It is also a reflection of a broader trend, basically consolidation and alignment between U.S. partners and allies in the region. Beyond the North Atlantic Treaty Organization (NATO), most U.S. relations have always been bilateral. The Quad is a relatively new thing, and we can argue that we are all indebted to the late Prime Minister Shinzō Abe for what he did in terms of bringing a new strategic thinking, branding the Asia-Pacific as Indo-Pacific, and building this from a humanitarian-focused Quad to a balance-of-power security alignment in the Indo-Pacific.

Beyond that most U.S. relations outside of NATO have been bilateral. They were never through alignments, mini-alliances, or coordination mechanisms. So all that we have seen for the last five years is completely new, having AUKUS with the Brits and Australians or let's embrace the I2U2 format, let's talk about new different formats and alignments including a defense format like the Negev Forum that includes the Abrahamic coordinations, Israel, the UAE, Bahrain, Morocco, and the United States, and then the old peace agreement signatories like Egypt. These sorts of formats are completely new to United States thinking, actions, and moves.

This is how I see Israel. I see Israel as part of that kind of new approach to deal with the new emerging global threats that Washington is trying to deal with, so how we bring all our allies and formats that make sense that could be issue-based could also be able to pivot or serve a broader strategic need that Washington might need. I am not saying that we are going to have a coalition of coalitions where all these coalitions are serving a broader purpose of containing China. I am not saying that at all, but I am saying that it could help by the fact that taking away some of these military assets from the Middle East and West Asia to the Indo-Pacific is what Washington wants, and this is a win. This is a victory. Israel is being seen from that perspective.

The second part—again, I come from the realist school of thought—is that the Indo-Abrahamic was also a realization from the Gulf States and Israel that Israel may not be enough alone. The Gulf and Israel, the Arab alignment, the Abrahamic coordinations on their own, are maybe not enough to create a balance of power. This is why it should be expanded to add India. I think also this is something in the mindset of grand strategists in Tel Aviv: "How can we—also 'us' as a small nation, 10-15 million people—be part of a broader architecture because we also know that Washington is very distracted by broader strategic objectives so we need to be part of something bigger?" This is how I think the Israeli grand strategists are thinking about these kinds of emerging questions.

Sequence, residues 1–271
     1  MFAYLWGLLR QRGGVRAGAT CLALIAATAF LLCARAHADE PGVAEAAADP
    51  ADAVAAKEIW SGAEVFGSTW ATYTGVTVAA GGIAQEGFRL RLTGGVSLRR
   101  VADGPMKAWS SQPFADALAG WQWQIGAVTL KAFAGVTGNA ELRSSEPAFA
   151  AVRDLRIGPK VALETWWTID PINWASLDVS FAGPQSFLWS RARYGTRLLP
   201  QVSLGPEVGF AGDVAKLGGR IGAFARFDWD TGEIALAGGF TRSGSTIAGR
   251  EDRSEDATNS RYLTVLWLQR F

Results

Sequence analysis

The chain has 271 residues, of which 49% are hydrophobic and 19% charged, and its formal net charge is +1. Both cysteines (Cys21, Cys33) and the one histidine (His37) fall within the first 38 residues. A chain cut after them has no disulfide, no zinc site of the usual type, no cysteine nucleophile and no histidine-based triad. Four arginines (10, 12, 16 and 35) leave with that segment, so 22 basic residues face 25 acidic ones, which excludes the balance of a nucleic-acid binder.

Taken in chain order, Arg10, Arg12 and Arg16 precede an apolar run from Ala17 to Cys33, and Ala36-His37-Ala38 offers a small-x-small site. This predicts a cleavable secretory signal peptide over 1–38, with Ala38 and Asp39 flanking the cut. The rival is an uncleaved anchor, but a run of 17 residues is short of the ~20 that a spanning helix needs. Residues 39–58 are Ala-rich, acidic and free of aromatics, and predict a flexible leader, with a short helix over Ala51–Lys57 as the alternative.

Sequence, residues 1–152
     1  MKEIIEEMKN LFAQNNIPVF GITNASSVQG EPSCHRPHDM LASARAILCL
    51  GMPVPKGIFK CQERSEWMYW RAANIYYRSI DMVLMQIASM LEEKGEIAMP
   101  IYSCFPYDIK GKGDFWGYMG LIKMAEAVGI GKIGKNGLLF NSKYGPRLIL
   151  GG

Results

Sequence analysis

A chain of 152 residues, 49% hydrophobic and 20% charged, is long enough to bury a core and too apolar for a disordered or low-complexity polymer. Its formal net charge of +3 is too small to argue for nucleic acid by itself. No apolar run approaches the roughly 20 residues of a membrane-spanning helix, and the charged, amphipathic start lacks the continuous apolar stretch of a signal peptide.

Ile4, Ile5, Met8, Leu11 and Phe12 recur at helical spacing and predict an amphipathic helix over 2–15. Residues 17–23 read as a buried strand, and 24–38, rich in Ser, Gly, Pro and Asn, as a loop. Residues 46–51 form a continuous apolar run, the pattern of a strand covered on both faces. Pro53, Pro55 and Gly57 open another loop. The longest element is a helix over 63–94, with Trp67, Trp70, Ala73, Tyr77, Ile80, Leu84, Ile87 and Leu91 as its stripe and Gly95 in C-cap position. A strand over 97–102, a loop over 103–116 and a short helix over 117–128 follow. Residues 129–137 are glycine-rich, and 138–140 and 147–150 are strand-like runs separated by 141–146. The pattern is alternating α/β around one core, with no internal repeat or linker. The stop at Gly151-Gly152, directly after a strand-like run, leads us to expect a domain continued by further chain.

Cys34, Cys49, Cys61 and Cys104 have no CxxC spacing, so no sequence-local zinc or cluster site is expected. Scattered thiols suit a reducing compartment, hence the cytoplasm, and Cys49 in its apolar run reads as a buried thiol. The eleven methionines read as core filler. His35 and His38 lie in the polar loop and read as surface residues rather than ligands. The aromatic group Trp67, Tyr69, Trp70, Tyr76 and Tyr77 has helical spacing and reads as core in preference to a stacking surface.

To your question about the Palestinians, I think we need a solution. I know I am not saying anything new. There is a moral and realist case for finding a solution. I do not claim to be an expert on the situation, but there must be a solution even from a realist standpoint. The more that situation continues the more it consumes Israel from a strategic standpoint because you are always distracted. Every few months you are always going to have the same issue. Also it takes away from the focal capital. It puts strains on you and your own Arab alliance because it is not easy—the more you integrate the more they have leverage as well, and the question of public opinion will be much more important.

I don't have a solution in mind by advocating that this situation needs to be settled, and I think there are many proposals. You have the Arab Peace Initiative proposed by the Saudis back in 2002 and you have the Abrahamic coordinations pushing for it. I think there should be a framework that Israel should embrace from a realist standpoint and not only from a moral standpoint.

NIKOLAS GVOSDEV: That is a good way to summarize some of the things we do at Carnegie Council, that it can be both from a realist perspective and a moral perspective to adopt policies of this type by which you recognize power realizations but you are also doing it with an understanding of an ethical framework. It is a nice tie back to the work of the Carnegie Council for Ethics in International Affairs.

Mohammed, I would like to thank you. This has been a wonderful conversation. We have covered a lot here, and I think it will give our listeners—many of whom I would wager have not really thought about India, the UAE, and Israel being in the same place geostrategically speaking, geo-economically speaking, because of the way in which we have our mental maps of the world, but also why this matters and how this is an emerging development.

Thank you for walking us through this. Thank you for giving us a sense of the dynamics at play, and as these events progress we will certainly want to have you back on in the future to give us an update on where things are heading.

MOHAMMED SOLIMAN: Nick, it is such a pleasure. Thanks so much for inviting me. I enjoyed the conversation back and forth. You are such an important voice in this space, and that was such an honor.